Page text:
Thursday 19 April 2018

New Look sales and profits slump as retailer mulls store closures

Like-for-like sales in the UK plunged 10.7% during the period, while online sales through New Look’s website fell 15%.

New Look has posted poor numbers for the last nine months (PA)
New Look has posted poor numbers for the last nine months (PA)

By Ravender Sembhy, Press Association City Editor

Struggling fashion chain New Look has posted another set of dismal figures as the retailer continues to consider a raft of store closures.

New Look, owned by South African investment group Brait, posted a pre-tax loss of £123.5 million in the three quarters to December, while sales slumped 6.3% to £1 billion.

The high street chain booked an underlying operating loss of £5.1 million, which compares to a £111.5 million profit in the same period last year.

Like-for-like sales in the UK plunged 10.7% during the period, while online sales through New Look’s website fell 15%.

Alistair McGeorge, who has been parachuted into the role of executive chairman for another stint at New Look, said the poor showing reflected a challenging market and heavy discounting.

It is also understood that the company is considering a range of options aimed at improving its performance, which includes store closures.

New Look, which has 594 stores in the UK, is thought to be mulling plans for a Company Voluntary Arrangement (CVA), which would put it on a firmer financial footing by allowing it to shut loss-making outlets and secure rental reductions.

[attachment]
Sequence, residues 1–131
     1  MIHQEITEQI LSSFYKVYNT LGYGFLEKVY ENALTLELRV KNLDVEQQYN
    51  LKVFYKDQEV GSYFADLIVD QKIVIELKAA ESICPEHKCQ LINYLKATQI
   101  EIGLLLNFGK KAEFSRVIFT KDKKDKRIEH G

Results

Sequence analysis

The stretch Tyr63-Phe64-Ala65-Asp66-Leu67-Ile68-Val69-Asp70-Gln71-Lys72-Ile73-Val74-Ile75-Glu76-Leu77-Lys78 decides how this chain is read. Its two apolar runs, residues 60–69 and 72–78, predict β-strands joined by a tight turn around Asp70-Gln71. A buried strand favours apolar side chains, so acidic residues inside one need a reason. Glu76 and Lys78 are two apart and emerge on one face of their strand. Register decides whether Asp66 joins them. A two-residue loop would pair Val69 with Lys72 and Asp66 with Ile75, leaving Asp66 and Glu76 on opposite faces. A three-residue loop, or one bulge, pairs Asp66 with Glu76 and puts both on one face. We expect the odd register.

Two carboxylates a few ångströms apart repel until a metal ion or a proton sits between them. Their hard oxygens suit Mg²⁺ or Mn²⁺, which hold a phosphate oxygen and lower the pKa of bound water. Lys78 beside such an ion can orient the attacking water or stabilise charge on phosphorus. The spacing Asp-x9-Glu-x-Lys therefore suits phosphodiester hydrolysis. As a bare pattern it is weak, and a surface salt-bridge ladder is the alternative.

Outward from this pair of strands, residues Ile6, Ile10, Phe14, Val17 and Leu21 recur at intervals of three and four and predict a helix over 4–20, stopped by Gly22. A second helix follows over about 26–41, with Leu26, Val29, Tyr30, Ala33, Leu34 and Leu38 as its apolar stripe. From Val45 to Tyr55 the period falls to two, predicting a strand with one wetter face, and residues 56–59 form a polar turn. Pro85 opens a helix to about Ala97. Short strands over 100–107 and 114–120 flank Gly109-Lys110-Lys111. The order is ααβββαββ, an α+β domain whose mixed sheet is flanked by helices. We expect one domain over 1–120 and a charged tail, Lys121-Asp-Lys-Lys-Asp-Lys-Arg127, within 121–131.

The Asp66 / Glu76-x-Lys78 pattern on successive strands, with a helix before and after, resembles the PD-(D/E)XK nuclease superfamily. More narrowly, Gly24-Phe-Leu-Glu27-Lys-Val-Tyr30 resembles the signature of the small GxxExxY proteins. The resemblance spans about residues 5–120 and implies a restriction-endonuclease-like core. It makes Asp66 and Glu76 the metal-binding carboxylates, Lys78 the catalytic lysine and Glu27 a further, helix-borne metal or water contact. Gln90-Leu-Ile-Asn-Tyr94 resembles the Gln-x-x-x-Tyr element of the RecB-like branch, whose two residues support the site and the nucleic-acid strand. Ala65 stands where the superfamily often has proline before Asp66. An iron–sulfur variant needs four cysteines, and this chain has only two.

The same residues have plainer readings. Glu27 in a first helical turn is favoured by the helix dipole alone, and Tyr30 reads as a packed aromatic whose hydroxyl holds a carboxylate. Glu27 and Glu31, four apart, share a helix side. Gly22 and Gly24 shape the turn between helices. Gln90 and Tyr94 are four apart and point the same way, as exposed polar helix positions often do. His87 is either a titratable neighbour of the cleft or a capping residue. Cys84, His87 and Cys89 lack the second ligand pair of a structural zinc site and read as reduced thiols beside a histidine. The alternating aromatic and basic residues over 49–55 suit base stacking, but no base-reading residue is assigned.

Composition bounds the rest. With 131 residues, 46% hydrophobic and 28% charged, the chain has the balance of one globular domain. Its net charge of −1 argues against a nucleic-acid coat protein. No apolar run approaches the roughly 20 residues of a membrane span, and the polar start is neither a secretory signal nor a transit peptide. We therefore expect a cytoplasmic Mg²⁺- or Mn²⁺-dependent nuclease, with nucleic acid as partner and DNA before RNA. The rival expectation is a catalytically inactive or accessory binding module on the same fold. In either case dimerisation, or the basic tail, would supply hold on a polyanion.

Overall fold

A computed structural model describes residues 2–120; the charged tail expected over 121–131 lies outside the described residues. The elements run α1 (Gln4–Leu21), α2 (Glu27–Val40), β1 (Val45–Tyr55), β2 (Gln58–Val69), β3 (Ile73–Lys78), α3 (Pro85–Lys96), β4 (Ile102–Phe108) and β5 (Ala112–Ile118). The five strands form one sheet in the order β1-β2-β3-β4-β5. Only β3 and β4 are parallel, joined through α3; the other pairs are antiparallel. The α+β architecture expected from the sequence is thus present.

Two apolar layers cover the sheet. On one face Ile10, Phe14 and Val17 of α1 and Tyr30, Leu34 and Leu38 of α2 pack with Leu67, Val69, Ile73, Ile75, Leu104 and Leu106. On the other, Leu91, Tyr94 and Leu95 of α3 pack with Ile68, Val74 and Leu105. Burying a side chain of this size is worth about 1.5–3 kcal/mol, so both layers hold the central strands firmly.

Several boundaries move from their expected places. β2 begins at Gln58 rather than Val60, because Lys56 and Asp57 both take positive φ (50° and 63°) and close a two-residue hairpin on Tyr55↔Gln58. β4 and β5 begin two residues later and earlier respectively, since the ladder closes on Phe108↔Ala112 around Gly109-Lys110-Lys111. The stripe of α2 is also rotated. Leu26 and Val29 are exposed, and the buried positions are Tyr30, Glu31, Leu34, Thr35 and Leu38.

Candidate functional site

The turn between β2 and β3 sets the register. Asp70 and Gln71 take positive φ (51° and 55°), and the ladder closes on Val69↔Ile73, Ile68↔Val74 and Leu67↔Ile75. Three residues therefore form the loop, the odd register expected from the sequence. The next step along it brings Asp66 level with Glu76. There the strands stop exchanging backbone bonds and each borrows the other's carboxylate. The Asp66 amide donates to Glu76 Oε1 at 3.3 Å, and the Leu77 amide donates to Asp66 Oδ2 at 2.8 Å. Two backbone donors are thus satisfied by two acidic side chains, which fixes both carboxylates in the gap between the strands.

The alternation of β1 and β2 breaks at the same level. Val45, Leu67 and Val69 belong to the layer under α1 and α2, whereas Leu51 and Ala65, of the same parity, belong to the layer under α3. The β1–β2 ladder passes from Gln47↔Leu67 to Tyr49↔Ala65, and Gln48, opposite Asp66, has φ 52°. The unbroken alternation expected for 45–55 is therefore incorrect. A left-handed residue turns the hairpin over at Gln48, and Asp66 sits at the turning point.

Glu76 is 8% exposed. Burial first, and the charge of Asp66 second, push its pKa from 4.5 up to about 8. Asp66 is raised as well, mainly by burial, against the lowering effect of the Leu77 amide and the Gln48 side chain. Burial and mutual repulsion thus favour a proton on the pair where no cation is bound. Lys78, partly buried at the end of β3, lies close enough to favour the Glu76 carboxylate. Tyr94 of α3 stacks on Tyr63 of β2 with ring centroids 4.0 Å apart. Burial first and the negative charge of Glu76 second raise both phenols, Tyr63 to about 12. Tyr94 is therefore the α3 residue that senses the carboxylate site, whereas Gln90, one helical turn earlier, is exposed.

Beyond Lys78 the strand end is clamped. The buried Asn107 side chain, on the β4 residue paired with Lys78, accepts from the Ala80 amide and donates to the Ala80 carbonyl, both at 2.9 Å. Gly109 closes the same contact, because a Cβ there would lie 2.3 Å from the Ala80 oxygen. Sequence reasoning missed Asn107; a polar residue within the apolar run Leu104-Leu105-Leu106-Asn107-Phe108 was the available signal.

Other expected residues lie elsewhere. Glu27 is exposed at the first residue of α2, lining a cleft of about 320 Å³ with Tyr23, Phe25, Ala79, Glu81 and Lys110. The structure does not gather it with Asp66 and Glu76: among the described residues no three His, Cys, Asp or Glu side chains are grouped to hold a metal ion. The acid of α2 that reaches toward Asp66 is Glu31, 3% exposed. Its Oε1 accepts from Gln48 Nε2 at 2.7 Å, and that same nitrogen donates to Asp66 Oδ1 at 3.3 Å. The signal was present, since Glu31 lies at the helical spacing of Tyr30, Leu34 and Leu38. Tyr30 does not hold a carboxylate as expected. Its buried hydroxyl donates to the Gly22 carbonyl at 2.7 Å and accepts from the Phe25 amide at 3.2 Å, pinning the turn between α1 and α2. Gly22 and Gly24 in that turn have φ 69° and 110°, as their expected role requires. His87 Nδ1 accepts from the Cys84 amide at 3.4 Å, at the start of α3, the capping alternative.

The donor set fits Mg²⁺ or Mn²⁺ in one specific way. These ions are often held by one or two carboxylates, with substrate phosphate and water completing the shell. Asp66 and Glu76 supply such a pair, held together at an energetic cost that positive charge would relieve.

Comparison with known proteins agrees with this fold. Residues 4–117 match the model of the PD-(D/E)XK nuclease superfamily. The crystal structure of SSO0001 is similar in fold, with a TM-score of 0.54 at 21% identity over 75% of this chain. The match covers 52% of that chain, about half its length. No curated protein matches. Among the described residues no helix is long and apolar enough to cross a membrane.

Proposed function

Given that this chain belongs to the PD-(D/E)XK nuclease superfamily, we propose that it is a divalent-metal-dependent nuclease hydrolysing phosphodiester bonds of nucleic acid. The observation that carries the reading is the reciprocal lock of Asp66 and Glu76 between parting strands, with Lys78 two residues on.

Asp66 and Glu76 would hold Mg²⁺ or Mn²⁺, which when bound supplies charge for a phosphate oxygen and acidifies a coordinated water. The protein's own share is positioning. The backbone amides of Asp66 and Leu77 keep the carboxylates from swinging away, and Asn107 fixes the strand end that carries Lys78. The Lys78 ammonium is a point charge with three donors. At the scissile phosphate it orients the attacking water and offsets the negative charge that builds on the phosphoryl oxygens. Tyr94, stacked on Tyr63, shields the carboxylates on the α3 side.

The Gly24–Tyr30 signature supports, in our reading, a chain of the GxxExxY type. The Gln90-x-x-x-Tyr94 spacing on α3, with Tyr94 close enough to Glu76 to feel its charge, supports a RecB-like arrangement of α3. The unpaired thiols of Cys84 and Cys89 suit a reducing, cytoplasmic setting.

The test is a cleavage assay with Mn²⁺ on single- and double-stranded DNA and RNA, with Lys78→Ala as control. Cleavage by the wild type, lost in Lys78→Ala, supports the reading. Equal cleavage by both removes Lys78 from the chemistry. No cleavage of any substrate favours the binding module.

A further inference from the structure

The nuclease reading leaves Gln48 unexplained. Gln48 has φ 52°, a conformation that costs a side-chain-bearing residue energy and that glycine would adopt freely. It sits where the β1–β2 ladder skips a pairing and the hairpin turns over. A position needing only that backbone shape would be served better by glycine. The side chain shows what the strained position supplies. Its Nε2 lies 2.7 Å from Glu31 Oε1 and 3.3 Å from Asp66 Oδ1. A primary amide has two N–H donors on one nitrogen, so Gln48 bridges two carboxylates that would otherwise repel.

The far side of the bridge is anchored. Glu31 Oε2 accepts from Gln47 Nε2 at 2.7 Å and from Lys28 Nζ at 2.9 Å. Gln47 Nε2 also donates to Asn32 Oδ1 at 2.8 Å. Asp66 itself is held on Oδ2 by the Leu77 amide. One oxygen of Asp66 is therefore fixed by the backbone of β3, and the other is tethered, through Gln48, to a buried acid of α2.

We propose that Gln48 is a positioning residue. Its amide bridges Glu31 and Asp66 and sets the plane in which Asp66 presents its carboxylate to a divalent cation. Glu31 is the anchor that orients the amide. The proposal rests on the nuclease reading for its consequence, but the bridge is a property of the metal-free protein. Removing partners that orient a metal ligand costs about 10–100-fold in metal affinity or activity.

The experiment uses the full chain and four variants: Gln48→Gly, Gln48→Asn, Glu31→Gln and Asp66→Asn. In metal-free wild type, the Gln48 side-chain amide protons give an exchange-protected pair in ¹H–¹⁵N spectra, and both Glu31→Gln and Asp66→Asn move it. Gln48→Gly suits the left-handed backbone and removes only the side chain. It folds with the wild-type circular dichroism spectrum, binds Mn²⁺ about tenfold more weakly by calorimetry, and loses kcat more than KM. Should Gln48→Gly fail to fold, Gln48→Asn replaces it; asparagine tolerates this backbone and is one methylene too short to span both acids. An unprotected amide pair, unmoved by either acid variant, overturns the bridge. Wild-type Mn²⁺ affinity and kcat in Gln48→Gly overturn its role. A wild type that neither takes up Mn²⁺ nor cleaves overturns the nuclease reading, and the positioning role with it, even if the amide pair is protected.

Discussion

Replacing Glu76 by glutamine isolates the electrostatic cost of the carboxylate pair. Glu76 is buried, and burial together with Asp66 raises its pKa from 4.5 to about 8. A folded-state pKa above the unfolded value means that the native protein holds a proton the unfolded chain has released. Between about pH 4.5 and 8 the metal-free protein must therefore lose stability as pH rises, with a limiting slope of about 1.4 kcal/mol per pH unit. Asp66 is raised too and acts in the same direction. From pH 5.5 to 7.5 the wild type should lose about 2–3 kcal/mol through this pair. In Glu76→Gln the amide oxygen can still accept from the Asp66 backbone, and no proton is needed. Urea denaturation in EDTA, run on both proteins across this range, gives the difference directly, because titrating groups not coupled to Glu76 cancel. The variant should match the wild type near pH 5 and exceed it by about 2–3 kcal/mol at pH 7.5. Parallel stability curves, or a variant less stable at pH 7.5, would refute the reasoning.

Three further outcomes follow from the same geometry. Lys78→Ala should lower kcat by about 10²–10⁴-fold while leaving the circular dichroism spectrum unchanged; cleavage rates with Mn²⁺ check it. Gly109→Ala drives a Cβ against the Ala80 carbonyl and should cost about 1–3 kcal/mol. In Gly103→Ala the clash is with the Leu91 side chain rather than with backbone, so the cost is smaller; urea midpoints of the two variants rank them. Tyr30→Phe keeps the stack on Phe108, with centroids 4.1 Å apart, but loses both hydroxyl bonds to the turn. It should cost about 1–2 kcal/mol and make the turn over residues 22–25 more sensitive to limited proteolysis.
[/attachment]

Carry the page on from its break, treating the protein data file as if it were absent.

Around 60 stores, or 10% of the store estate, are thought to be at risk of closure.

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New Look

Mr McGeorge said: “I am confident that we are now making the necessary changes to get the company back on track and we continue to have sufficient liquidity to deliver our plans.

“In particular, we are focusing on reducing costs, recovering the broad appeal of our product and reconnecting with our customers.

“We are already realigning our pricing to offer significantly better value, adding flexibility to our buying model, and improving our speed to market.

Retailers across the board, such as Next, have been stung by rising costs and falling consumer confidence as Brexit-fuelled inflation hits the sector hard.

The group is also struggling under £1.2 billion of borrowings but is not seeking a debt restructuring.

Mr McGeorge added: “As we expected, third quarter trading remained challenging, with sales and margins impacted by the high level of discounts.

“Our immediate priority is to exit the current financial year without excess stock.

“By entering full-year 2019 with clean stock levels we will be in a good position to deliver a strong full price spring/summer offer.”

Mr McGeorge returned to the firm following the abrupt departure of chief executive Anders Kristiansen in September.

Press Association

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